Entering the gallery, one confronts a large structure of fluorescent lighting located directly in front of the work, Change the World or Go Home is by Alejandro Almanza Pereda, an artist in residence at SFAI. His piece resembles building scaffolding, with light tubes taking the place of wood and steel. Each tube has wiring for power, which falls loosely and accumulates into a tangle of wires toward the bottom of the structure. In a daytime viewing, the lights were not on.
To the extent that the viewer can peer through the tubes and wiring, the Rivera mural reveals warm, nuanced, transparent brushstrokes of tempera paint that follow his own unique style of beautifully contoured lines. That is, the flowing, curvaceous definition of his human forms is not only defined by a contour line around a figure, but by every stroke of the brush that makes up the form, and we can see the record of those marks. His images are arresting from afar, and reward the viewer up close.
The most striking difference between Almanza’s piece and the Rivera it partially obscures is the strong visual imbalance between a painted image and a ready-made structure.
Even if we are to accept the validity or purpose of deliberately constructing a structure in front of a mural, Almanza’s piece does a poor job of integrating itself. Rivera’s work depicts mural painters on scaffolding that forms a grid containing nine squares, with four prominent vertical lines, which organizes the mural. Almanza places in front of that a structure with six vertical lines that do not relate to the lines in Rivera’s piece, and also have x-bracing to further obscure the painted image.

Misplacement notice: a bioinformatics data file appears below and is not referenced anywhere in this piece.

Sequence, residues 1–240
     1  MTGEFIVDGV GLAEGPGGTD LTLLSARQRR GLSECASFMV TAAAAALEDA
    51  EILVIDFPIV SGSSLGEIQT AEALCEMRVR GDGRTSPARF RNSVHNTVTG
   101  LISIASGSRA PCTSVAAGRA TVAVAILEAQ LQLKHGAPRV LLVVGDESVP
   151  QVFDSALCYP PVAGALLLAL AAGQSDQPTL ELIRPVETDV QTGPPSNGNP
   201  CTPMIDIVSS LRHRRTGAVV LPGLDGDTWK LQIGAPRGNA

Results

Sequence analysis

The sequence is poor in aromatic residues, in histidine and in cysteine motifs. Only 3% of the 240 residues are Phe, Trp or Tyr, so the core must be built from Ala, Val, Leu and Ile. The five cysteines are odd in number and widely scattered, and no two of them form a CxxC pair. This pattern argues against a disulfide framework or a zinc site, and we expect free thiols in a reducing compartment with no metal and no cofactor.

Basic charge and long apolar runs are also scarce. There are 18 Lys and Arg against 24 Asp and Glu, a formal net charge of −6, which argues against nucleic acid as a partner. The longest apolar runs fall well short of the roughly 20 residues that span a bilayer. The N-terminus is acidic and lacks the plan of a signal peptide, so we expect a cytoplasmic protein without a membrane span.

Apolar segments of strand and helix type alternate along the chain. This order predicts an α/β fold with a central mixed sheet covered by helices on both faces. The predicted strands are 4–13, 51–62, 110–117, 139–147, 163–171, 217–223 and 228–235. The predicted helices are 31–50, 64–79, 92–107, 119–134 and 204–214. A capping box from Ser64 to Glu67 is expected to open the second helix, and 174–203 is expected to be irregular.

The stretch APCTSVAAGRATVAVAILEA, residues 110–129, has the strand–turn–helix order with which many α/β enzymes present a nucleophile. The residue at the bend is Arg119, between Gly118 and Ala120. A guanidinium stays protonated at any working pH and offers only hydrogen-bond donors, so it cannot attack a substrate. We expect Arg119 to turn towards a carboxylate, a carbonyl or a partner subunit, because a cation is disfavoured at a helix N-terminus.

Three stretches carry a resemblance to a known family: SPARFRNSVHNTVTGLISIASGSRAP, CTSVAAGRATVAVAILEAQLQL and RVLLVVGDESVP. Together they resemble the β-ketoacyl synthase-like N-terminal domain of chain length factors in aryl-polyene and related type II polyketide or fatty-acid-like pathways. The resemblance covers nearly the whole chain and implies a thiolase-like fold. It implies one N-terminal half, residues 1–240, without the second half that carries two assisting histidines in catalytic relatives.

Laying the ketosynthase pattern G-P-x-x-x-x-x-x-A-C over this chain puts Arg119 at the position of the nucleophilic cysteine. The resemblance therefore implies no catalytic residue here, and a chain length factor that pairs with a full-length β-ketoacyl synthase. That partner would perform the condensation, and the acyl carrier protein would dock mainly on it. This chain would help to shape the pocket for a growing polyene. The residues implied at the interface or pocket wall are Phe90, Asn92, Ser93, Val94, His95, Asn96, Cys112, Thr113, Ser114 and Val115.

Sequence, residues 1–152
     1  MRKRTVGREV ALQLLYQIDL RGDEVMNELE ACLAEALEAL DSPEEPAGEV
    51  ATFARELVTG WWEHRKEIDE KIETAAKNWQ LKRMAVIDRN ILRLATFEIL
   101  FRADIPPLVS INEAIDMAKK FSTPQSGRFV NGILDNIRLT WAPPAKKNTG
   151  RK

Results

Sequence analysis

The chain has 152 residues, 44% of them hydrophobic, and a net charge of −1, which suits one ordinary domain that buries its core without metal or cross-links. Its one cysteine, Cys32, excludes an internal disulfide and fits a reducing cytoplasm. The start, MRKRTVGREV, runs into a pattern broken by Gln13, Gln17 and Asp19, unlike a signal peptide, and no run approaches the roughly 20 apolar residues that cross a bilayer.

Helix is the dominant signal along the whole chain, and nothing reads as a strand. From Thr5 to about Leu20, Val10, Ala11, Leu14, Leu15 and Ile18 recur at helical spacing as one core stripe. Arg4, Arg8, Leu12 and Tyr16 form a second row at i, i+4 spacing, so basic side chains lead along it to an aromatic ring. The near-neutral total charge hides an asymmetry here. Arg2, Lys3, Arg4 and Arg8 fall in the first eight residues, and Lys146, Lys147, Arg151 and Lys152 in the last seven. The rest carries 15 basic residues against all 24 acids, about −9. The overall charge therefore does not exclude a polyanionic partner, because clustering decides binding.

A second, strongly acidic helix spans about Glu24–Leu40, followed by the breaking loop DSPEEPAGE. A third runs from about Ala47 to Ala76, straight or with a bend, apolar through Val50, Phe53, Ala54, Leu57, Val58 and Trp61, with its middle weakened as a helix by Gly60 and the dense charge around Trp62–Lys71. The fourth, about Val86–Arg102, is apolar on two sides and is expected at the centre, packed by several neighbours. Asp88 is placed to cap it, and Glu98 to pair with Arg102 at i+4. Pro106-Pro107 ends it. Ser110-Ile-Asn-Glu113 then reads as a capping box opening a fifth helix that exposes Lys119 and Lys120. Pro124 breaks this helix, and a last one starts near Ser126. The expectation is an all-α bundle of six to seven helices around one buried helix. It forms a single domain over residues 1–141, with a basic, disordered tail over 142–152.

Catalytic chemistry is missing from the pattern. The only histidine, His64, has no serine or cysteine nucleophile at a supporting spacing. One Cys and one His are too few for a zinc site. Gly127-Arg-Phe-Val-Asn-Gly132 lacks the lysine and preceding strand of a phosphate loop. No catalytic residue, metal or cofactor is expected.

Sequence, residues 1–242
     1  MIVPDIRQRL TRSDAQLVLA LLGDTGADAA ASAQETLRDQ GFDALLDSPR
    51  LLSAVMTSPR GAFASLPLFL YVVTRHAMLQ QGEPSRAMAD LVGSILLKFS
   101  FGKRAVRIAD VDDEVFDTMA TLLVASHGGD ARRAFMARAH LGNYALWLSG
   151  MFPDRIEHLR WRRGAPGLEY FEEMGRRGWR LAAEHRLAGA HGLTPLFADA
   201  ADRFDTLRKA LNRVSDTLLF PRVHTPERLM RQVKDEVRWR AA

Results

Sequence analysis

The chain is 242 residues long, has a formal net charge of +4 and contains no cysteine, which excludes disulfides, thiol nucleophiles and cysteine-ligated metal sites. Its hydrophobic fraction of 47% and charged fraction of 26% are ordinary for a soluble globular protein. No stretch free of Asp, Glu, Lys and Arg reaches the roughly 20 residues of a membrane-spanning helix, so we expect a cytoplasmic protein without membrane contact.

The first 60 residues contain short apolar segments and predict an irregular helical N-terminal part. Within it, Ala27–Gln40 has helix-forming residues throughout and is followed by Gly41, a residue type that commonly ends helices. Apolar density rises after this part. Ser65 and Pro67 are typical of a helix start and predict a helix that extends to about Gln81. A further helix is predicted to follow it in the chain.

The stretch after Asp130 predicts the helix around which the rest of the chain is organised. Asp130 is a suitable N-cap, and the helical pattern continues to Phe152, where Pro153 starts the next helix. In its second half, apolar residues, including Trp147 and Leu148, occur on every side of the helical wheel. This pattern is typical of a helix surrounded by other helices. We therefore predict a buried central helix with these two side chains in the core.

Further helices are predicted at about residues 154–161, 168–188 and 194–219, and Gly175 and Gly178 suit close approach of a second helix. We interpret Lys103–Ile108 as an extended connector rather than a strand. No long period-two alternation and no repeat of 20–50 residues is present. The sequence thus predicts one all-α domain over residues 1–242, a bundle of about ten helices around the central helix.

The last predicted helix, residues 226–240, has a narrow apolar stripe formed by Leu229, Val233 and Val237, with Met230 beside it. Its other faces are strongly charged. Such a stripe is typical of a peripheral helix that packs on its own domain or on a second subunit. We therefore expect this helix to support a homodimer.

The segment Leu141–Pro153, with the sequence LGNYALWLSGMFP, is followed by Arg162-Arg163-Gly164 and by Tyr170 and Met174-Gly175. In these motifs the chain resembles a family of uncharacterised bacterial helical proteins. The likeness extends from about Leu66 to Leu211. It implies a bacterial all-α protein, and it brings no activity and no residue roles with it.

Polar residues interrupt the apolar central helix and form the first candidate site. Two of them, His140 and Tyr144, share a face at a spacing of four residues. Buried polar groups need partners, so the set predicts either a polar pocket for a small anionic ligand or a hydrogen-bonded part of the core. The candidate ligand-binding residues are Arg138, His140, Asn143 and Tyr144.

That structure is not especially appealing or interesting. The tubes are ready-made and unvarying; they are cold and easy to overlook. If light is supposed to be a part of the piece, it was not apparent, as the lights are often turned off since the gallery is mostly open during daytime hours. The visual metaphor of using lighting to re-examine or look through another work is obvious, but through this material and composition, what exactly has Almanza prompted us to re-examine?
His ironic lament, based on the title, seems to be that contemporary Mexican artists are constrained to creating socially conscious work because of Rivera’s influence. Meanwhile, the SFAI’s description of the installation is filled with the jargon-filled phrases, cynicism and narcissism that is a feature of the present-day official art world.